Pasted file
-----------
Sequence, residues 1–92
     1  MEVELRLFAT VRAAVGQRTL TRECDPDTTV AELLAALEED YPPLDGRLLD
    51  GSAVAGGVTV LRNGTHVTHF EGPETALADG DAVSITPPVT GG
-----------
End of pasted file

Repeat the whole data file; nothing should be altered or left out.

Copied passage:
Sequence, residues 1–92
     1  MEVELRLFAT VRAAVGQRTL TRECDPDTTV AELLAALEED YPPLDGRLLD
    51  GSAVAGGVTV LRNGTHVTHF EGPETALADG DAVSITPPVT GG